Given this initial zeal, perhaps the strangest thing about Wenger is the way his time in English football has pivoted around a single point of paradox. A manager who entered English football as a kind of fire-starter, junking the chocolate bars, taking his sledgehammer to a century of ossified certainties, has ended up dismissed by many as a stick in the mud, left-over and all-round emblem of pig-headed stasis.
On the pitch Arsenal have undoubtedly declined in recent years, slipping from the edge of the European elite to a diminished position on the fringes, despite some recent domestic cup trophies.
Off the field Wenger has continued to run a brilliantly tight ship, leaving for his successor, and indeed his well-remunerated board, a set of well balanced books and an infrastructure that is sparklingly up to date. Despite this there has been a gathering unrest at the one-sided nature of this deal, the lack of a more reckless lust for glory in favour of steadiness and slow decline.
The past few seasons have seen public protest, much-publicised fan-TV rants and even the silly but still quite funny proliferation of Wenger Out banners at events around the world, from political marches in South Africa to rugby matches in New Zealand.
Wenger has been changed by this a little. A manager who came to England kicking against the status quo has tended to sniffing against the new and the short-term in recent years.
His talking with a sigh about the fact that “we live in a world where people always want instant results/new things/perfection” has become a part of his own press conference bingo for a pack of occasionally exasperated but ever-affectionate London football journalists.
It is a separate judgment on the short-termism of English football’s celebrity news-style culture that nobody seems quite sure what kind of farewell one of the great English football managers can expect from here. Will there be hordes, a procession, a vast pile of flowers, an extended Viking funeral?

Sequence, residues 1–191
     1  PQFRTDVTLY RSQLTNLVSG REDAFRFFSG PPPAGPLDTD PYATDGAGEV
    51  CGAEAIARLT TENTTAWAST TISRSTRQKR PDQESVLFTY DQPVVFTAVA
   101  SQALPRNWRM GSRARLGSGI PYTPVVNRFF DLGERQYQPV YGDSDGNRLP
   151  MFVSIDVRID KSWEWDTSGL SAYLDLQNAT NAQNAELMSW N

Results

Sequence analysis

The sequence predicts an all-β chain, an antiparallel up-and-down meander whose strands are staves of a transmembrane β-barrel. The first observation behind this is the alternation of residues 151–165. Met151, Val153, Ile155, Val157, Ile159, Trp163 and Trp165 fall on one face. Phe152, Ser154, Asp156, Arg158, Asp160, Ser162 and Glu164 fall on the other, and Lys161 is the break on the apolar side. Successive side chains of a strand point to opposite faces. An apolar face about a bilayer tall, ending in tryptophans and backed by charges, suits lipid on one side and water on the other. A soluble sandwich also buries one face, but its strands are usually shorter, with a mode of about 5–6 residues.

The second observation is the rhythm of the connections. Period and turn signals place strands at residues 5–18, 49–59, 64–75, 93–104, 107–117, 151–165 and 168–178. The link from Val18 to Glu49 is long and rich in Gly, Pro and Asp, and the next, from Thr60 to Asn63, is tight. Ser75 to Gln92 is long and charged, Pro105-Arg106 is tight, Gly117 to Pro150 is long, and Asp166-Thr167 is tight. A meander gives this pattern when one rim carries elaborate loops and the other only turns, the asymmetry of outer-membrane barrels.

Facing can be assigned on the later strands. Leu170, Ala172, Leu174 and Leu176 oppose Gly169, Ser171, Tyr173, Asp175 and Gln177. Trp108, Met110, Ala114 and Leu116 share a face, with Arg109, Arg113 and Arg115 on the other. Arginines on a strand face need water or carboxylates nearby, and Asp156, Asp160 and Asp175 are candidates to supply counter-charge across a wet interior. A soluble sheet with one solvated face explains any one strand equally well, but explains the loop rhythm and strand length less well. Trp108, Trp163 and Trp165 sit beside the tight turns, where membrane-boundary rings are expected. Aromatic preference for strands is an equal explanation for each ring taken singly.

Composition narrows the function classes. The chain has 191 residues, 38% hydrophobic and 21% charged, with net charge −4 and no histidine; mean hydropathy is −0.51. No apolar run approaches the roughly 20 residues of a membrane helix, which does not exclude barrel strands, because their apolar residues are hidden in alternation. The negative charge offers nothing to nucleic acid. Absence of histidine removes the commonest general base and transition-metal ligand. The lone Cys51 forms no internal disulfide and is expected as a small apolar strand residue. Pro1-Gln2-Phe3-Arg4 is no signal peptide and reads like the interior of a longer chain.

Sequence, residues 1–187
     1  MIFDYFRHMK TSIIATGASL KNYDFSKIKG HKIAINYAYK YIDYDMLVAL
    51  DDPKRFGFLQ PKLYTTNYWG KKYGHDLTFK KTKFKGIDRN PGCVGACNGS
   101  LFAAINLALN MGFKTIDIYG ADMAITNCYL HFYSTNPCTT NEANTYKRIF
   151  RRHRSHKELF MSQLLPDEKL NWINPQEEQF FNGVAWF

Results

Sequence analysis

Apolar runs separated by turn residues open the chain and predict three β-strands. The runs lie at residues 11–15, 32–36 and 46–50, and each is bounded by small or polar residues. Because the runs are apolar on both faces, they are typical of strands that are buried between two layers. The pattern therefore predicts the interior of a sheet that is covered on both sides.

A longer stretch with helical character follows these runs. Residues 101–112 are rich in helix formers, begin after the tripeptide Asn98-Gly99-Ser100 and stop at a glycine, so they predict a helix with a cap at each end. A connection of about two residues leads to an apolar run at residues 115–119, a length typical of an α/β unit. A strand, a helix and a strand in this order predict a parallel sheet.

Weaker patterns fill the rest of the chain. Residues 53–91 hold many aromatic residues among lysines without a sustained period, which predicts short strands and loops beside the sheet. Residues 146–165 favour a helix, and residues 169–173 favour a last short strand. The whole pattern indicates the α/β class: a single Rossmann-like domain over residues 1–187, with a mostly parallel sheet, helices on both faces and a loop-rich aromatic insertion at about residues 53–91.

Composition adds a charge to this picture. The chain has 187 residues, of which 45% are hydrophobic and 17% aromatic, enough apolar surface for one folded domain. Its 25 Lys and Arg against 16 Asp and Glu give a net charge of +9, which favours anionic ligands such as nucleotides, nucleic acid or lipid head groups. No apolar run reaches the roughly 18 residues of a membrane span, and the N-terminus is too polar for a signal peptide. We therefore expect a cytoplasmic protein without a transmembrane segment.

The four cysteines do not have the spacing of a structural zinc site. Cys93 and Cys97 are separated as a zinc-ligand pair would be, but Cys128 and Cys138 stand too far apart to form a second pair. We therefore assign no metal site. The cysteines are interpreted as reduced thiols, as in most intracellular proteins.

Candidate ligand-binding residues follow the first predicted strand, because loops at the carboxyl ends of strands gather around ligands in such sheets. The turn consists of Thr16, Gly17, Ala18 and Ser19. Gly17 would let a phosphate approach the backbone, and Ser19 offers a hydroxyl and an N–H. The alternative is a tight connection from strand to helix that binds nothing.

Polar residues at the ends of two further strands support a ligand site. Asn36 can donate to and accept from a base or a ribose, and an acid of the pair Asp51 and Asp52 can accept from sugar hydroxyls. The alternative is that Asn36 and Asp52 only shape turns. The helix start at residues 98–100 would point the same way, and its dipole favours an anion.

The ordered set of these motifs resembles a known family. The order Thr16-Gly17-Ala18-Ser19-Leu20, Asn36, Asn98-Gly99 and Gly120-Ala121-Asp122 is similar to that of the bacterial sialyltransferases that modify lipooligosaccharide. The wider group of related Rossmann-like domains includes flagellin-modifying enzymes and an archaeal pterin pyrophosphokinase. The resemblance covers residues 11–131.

It is to be hoped that history will cast Wenger’s time in England not as one of late-breaking angst, but as the love story it was so clearly at the outset.
Players will remember Wenger’s charm and wit, his famously lively dancing (his status as Arsenal’s top choice as manager all those years ago was confirmed during a raucous dinner party in the company of the former vice-chairman).
Fans might prefer to recall a football manager who helped construct not just a stadium but a new training ground and a modern, restructured globally renowned sporting club.
Beyond this, Wenger will stand as perhaps the last of English football’s great Napoleonic managers. The century-old fascination with the manager as something bound into the fabric of club and community, a magnetic force of benevolent personality, has pretty much run its course or at least been replaced by a more short-term version.
Nobody will manage a top-level club across three decades again. No one person will become quite so closely wound around the basic structure of these grand old Victorian social institutions, transformed now at the highest level into distantly-run PLCs.
Wenger has been part of that change, just as Arsenal is now a club whose staff and business model reflect the priorities of the City financial institutions a few miles down the road in London. He will remain in the sport, whether as manager, advisor or simply waspish TV pundit. For now English football simply owes its departing general the correct, suitably fond, suitably grateful farewell.